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Personal Outsourcing, Personal Offshoring, and Smallsourcing

February 5, 2013

 

You’ve probably heard about Crowdsourcing, the gentle art of getting other people to do your work without realizing that they are working for you. But what about personal outsourcing?

A J Forbes may have kicked of the personal outsourcing movement with a 2005 article in Esquire magazine (http://www.esquire.com/features/ESQ0905OUTSOURCING_214). It was a tongue in cheek piece and written with a sly wink. But somewhere between 2005 and the present personal outsourcing has gone from a good joke to an actual business.

Maybe personal outsourcing is not the right term. The Wikipedia refers to the concept as “Personal Offshoring” or “small sourcing”. (http://en.wikipedia.org/wiki/Personal_offshoring) If we can’t agree on the terminology, then I guess that the concept is still in flux.

The Wall Street Journal had an article in 2007 about “outsourcing your life” (http://online.wsj.com/article/SB118073815238422013.html).

“When David San Filippo decided to create a tribute video in honor of his sister’s wedding, he could have gotten a recommendation from a friend or looked up video editors in the phone book. Instead, he did what big corporations have been doing for more than a decade: sent the work offshore.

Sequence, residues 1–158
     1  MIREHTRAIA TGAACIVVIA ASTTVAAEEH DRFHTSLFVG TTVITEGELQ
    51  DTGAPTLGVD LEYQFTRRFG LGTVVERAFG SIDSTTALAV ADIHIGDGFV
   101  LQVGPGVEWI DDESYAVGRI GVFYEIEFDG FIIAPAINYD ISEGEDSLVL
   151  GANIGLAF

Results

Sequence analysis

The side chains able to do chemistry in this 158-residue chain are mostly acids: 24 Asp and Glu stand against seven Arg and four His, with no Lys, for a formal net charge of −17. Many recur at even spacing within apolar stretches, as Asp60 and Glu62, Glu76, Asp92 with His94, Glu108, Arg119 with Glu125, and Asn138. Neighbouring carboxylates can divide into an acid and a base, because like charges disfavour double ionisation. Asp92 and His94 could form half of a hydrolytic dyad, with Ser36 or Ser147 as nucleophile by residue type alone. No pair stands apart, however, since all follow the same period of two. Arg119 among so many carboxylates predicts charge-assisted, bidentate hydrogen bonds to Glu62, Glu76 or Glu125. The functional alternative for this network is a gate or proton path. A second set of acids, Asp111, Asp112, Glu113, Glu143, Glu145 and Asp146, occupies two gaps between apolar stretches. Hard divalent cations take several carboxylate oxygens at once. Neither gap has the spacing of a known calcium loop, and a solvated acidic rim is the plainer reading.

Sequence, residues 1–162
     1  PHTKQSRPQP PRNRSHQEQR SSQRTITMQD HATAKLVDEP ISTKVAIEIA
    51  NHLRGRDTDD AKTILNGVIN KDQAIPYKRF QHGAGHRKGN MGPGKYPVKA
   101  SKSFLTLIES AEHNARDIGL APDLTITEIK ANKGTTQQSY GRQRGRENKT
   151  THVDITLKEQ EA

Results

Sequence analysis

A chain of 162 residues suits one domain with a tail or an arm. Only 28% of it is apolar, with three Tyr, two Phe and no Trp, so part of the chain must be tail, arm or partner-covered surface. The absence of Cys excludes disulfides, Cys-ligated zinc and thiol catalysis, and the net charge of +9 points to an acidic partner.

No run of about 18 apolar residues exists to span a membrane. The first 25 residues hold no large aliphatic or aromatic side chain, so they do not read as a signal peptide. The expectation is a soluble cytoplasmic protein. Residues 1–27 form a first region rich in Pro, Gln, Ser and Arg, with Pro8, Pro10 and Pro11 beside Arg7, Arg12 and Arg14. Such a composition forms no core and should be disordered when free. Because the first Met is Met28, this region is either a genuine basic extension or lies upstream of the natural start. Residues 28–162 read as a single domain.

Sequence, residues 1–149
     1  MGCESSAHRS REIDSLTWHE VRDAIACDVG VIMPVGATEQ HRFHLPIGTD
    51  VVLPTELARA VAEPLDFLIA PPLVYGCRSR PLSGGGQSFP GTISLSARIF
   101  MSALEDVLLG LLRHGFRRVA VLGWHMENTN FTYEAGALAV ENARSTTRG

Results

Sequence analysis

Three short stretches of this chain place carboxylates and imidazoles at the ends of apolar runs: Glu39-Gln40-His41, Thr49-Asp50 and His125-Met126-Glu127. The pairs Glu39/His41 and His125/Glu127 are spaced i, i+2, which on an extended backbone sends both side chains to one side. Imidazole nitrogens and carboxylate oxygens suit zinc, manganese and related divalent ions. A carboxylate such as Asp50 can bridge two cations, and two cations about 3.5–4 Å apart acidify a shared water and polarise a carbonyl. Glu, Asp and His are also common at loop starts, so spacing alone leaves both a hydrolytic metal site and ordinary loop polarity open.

On the Internet, Mr. San Filippo located a graphic artist in Romania who agreed to do the whole thing for $59. The result was a splashy two-minute video with a space theme and “Star Wars” soundtrack. It won raves at the wedding.”

One of the places to look for offshoring services are elancing sites such as elance.com or guru.com.
The WSJ article gave the following successful example of small sourcing:
“Dan Frey went in search of an artist to illustrate a children’s book his mother had written for the grandkids about her life growing up in New York City. He thought about finding a student from a local art school, but then it dawned on him that he could outsource it without leaving his house. The job didn’t necessarily require a face-to-face meeting — he could just email the draft.

He logged on to Guru, which he’d learned about from computer programmer friends who had used it for work. Within a week, 80 bids had come in from countries like Lebanon, Ukraine and Malaysia. To narrow the field, he had 10 finalists send him sample drawings depicting a young girl. He rejected the illustrators who didn’t follow instructions and sent pictures of animals instead, and he bypassed an Indian firm that seemed big and impersonal, offering him a “project manager” to oversee a staff of artists.